Thursday, January 10, 2013

Learning A New Dance

(Most of these pictures were taken at 5:30 the next morning.)

Yesterday morning I walked to school with my new friend Tuula Keinonen from the Department of Education at the University of Eastern Finland. She and her family live up the street in Aavaranta and the walk would give us a chance to get acquainted; I appreciated my time with her. The walking road goes predominantly east/west, just north of Lake Pyhaselka, and proceeds from somewhere west of us,  through our neighborhood in Aavaranta, and toward the Joensuu town center.  Our walk would be about 2.5 km long.

Tuula arrived at 9:20 AM…and when I opened the door she was enthusiastically sweeping the new snow from my doorstep. Thank you, Tuula!

It had been snowing the night before so there was perhaps 4 cm of new snow on the ground and the snowplows were out cleaning the streets and walkways.  She directed me down roads and paths that were less impacted by the new snow. The snow seemed light and dry but she told me this wasn’t so, that it could be drier, still, because today it was clumping on the top of our boots as we walked. It was still snowing as we walked and talked, the temperature - comfortable, and there was a slight breeze.

We walked through relatively dense but expansively vertical forest. It winds lazily through largely coniferous trees and runs parallel to a cross-country ski trail.

Along this path in the forest we passed many other people, but sporadically so. Since I arrived in Finland I’ve observed that when Finns move pass each other while walking or riding a bike there is very little interaction.  There may be a quick meeting of the eyes, but facial expressions rarely change and they are surprised if a person (like me) makes an attempt at an interaction – even a nod of the head is greeted with a slight but not uncomfortable look of surprise. At first this felt odd, but then I relaxed into it, and what I have found is that it allows me to stay within my own thoughts, here in the dark and cold winter, and enjoy the process of moving from one place to another – simply moving, changing location - without the interruption of time or thought or another person’s movement relative to mine.

When Tuula and I were about half way through our walk we came upon a stone wall about one meter high and 60-80 meters long that ran between and parallel to the walking road and cross country ski trail; it's left over from an old firing range.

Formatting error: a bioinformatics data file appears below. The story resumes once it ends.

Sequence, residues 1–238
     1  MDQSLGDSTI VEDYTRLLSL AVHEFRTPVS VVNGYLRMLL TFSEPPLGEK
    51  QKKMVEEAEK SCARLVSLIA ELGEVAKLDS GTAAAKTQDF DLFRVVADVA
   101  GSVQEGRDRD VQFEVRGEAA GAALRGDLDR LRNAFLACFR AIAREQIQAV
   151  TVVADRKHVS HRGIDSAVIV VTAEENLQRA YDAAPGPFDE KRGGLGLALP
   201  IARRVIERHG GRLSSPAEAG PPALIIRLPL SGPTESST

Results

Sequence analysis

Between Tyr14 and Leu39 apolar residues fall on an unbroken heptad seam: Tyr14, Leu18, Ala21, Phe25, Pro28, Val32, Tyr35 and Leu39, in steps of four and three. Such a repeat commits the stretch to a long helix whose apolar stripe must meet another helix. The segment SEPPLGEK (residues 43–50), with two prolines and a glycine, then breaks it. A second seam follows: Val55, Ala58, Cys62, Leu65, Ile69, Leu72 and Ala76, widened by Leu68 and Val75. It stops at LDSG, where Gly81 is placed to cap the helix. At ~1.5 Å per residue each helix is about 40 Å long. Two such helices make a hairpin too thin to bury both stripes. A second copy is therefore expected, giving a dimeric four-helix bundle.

She directed me to look at another area at the opposite side of the road - a memorial to the soldiers who had died during the Finnish Civil War in1918.  From what I could see of it, the memorial is comprised of some very large, monolithic rocks standing on end with a horizontal rock across the top and covered with caps of snow undisturbed.

It reminded me of my first day in Finland when Kari Sormunen told me that people in Joensuu are known for their ability to laugh and cry at the same time, that perhaps it's due to Finland’s physical location between Sweden and Russia and the fact that they’ve suffered through difficult times for hundreds of years.  Joensuu is perhaps 45 miles/72 km from the border with Russia, and Joensuu’s identity and existence have depended upon their ability to sustain themselves between these two powers.

Tonight I returned on this same path, walking home by myself; the early daylight replaced by darkness and a light snowfall; the lights along the trail lit. I walked alone, but was not alone, as there were people moving amongst the scenery and pathways; I was becoming part of the silent, moving, Joensuun “fabric,” as if we were all part of the same unchoreographed dance, whether it be walkers or skiers or bicyclists making their way through the snow.  The woods were busy with movement, all of us dancing alone, but somehow in synch with the area’s geography.  It was mesmerizing.

A few days ago I struggled with the feel of this area, and even though it was invitingly beautiful, there seemed to be something missing.

Now I know differently: it was I who was missing.


  1. It looks like you are settling into your new environment - you are hearing about history that we have never experienced! Great narrative!

  2. The photos are wonderful and give a sense of what it must be like to walk along those paths and roads. Nicely done!

  3. the photos transport me to another place and time. a stillness that is peaceful. love that you are so quickly feeling intwined with your surroundings and the people. Lovely post!

  4. These photos are amazing. I love winter light and the colors of the snow are magical. Glad to hear that you are settling into your new home. Warm thoughts, M

  5. Good mixed lighting reminiscent of Narnia :-)